Good morning, readers!
If you’ve read “Vox”, you’ll have noticed the heavy opera usage through out the book. Not only did certain opera pieces inspire parts of the book, the book plays out as a kind of dark fantasy opera. In order for me to really get into the mood of the book, I listened to several opera pieces (at one point for 11 hours!), looked up the translations for some of the Italian lyrics, and researched the background of each opera to get a sense of what was occurring there.
The most poignant piece in “Vox” is Un Bel di Vedremo from Madama Butterfly. I have to praise Puccini for composing such a heart-rending piece. It inspired the undying love between Eileen and her deceased husband, Tom. The story in the original opera follows the tale of a Japanese girl who marries an American Naval officer. Both have their own reasons for doing so. The Naval officer leaves soon after the wedding, while Butterfly anxiously awaits his return. When he does so, he returns with an American wife which in consequence, breaks Butterfly’s heart. She ends her life soon after.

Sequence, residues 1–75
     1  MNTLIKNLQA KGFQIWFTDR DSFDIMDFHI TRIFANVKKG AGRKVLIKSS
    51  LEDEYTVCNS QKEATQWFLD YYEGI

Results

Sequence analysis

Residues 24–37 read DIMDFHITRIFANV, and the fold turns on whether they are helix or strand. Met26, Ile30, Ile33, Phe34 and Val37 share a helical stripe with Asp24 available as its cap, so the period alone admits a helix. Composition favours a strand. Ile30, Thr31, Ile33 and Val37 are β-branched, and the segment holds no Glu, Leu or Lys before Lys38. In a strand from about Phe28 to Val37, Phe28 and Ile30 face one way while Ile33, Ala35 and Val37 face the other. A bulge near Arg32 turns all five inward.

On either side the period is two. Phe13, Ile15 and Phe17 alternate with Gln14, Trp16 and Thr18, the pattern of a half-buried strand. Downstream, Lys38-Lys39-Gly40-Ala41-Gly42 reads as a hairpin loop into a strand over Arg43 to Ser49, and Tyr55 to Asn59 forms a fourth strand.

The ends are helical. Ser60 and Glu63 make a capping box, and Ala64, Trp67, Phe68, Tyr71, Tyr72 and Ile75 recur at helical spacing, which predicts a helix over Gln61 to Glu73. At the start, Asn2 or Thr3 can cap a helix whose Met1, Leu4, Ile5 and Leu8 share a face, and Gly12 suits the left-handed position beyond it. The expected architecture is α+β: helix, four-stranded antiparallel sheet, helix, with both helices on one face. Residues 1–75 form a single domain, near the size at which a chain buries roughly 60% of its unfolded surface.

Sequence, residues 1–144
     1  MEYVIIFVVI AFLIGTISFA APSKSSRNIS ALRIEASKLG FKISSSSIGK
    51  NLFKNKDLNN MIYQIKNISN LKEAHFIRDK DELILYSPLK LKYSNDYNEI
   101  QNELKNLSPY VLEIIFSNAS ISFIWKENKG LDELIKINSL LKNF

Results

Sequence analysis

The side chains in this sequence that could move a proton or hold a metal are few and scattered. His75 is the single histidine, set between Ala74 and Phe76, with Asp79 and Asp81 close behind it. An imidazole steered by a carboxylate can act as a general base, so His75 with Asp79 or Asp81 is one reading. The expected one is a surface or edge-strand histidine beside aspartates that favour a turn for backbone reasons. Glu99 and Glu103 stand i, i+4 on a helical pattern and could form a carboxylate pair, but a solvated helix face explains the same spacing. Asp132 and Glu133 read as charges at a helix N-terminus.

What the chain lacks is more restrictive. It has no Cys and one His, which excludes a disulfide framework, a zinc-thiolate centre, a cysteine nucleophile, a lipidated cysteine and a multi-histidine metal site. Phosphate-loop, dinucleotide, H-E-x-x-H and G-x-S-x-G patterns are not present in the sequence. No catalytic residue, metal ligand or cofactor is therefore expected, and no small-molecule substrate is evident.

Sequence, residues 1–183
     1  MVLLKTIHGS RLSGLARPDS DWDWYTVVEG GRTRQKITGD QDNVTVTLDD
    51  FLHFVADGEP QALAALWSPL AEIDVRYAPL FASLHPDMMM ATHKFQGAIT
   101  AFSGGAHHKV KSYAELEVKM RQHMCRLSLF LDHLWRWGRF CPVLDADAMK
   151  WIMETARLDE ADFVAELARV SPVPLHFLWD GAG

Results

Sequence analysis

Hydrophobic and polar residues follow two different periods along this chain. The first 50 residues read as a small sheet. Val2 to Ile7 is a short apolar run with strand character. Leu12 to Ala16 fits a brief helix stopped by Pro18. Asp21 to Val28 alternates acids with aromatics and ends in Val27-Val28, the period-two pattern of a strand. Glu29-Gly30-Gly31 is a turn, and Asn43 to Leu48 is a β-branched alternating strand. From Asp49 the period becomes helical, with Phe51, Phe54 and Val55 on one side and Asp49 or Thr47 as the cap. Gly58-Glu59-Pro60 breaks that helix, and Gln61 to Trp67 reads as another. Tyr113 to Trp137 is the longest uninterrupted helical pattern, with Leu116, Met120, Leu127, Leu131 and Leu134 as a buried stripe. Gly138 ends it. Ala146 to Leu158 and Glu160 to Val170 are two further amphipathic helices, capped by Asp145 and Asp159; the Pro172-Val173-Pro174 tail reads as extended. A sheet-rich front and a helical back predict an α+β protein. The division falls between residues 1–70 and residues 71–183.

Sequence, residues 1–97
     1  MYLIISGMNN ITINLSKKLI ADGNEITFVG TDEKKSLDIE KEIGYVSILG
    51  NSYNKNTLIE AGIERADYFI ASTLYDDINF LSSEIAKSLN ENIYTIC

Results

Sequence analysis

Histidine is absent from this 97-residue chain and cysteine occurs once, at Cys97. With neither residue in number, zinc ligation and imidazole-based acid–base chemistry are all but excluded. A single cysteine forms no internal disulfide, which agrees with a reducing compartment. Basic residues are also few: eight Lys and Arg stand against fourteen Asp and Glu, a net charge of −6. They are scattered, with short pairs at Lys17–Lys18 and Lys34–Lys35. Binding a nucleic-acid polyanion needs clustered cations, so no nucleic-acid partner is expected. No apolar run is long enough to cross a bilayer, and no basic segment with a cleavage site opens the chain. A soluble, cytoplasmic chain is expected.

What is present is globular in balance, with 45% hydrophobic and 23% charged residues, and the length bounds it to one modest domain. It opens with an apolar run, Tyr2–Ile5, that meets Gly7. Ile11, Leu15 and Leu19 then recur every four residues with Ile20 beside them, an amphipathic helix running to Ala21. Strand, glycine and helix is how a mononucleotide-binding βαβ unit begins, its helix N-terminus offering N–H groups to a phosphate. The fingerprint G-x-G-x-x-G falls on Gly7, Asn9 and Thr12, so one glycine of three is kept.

“Vox” certainly isn’t as dramatic as the original opera. I wanted to borrow that sense of longing that appears in Un Bel di Vedremo and use it for Eileen, who carries the memories of her husband with her through out the book. She has already been devastated by his death. Psychiatrists have tried to tell her she must go on without him, that he is never coming back (such as the roles of Suzuki, the maid and Goro, the matchmaker, in the play did with Butterfly). But she continues to hold onto the idea that she can’t let him go until it is too late.
I’ve attached a link to the song here. It is sung by Renee Fleming. Please give it a listen.